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J.M. Blondeau, S. Borsos; Antimicrobial Efficacy of Gatifloxacin With and Without Benzalkonium Chloride Compared With Moxifloxacin Against Methicillin–Resistant Staphylococcus Aureus . Invest. Ophthalmol. Vis. Sci. 2006;47(13):1903.
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© ARVO (1962-2015); The Authors (2016-present)
To evaluate the antimicrobial efficacy of gatifloxacin with and without benzalkonium chloride (BAK) and unpreserved moxifloxacin against methicillin–resistant Staphylococcus aureus (MRSA).
Sixty–seven clinical isolates of MRSA were evaluated. Minimum inhibitory concentration (MIC) testing was by microbroth dilution in accordance with the recommended CLSI procedure. Approximately 105 CFU/ml of methicillin resistant S. aureus was added to Mueller–Hinton broth containing two–fold concentration increments of drug. For the evaluation of gatifloxacin with BAK, 2.5 µl of a 10% solution was added to the first well of the plate to give a BAK concentration of 0.125%, and then was serially diluted with the drug; subsequently diluted at 1:2 when adding organisms to each well. Plates were incubated for 18 hours in ambient air and the lowest concentration showing no growth was recorded as the MIC. In separate experiments, the growth of 30 MRSA isolates was tested in appropriate media containing two–fold concentration increments of Zymar (each well was adjusted to contain 0.005% BAK –– the percentage in the formulated product).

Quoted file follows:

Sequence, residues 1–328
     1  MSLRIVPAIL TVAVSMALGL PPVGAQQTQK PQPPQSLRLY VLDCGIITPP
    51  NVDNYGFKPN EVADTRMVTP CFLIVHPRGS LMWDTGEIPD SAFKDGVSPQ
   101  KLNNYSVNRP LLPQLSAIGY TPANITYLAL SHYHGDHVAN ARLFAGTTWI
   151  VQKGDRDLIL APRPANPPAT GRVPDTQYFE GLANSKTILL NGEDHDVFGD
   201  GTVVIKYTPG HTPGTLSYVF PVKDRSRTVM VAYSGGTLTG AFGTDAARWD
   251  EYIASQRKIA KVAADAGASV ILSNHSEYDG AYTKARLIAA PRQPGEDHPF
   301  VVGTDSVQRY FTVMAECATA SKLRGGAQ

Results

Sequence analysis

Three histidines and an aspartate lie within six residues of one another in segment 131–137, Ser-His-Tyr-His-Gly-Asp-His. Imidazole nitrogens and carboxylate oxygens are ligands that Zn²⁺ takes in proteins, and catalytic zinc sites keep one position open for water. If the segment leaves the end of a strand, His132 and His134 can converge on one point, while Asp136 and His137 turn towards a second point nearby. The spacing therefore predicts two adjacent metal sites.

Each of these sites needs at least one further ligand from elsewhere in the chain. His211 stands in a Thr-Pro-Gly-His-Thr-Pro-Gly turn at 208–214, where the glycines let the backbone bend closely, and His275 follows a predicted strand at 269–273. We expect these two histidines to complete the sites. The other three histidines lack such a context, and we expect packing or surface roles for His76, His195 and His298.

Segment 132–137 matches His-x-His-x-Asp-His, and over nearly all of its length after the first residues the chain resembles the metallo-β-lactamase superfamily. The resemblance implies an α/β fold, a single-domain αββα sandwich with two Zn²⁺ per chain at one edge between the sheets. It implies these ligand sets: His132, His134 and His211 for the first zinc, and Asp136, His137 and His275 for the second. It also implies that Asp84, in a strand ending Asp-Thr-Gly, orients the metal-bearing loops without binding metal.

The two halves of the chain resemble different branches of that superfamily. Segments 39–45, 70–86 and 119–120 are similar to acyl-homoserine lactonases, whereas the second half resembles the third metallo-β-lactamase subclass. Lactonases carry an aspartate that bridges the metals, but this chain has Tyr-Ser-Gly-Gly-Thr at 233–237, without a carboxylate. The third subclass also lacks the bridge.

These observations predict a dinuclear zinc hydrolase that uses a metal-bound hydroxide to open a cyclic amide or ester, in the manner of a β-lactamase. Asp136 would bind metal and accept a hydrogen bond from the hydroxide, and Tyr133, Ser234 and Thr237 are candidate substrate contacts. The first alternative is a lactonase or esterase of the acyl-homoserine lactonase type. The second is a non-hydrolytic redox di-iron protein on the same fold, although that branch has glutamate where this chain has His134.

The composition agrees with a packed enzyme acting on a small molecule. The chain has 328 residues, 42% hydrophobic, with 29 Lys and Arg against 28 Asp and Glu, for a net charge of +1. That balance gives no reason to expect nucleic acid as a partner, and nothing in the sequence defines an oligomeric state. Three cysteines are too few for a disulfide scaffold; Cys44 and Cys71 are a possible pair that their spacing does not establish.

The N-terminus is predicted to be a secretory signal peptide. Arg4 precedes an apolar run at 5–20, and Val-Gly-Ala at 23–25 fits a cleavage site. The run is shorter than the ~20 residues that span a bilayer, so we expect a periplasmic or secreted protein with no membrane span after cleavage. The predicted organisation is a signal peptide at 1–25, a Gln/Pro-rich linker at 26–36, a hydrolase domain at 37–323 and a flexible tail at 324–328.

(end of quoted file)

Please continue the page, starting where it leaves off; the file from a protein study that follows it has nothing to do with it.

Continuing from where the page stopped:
The combination of gatifloxacin with BAK was more efficacious than either fluoroquinolone without BAK. MIC values ranged from 0.008 µg/ml to 0.125 µg/ml for gatifloxacin plus BAK, from 0.063 µg/ml to 8 µg/ml with unpreserved gatifloxacin, and from 0.016 µg/ml to 16.0 µg/ml with moxifloxacin. In the presence of 0.005% BAK and concentrations of Zymar (gatifloxacin oph solution which is preserved with 0.005% BAK) ranging from 0.016 µg/mL to 2 µg/mL, 30 independent MRSA isolates failed to grow; viable MRSA were recovered from only 5/48 wells.
In this study of MRSA clinical isolates in vitro, the combination of gatifloxacin and BAK provided MIC values that were approximately 2– to 500–fold better than the MIC values provided by gatifloxacin or moxifloxacin alone. These findings may have important clinical relevance because commercial gatifloxacin ophthalmic solution (Zymar) is preserved with 0.005% BAK and commercial moxifloxacin is unpreserved.
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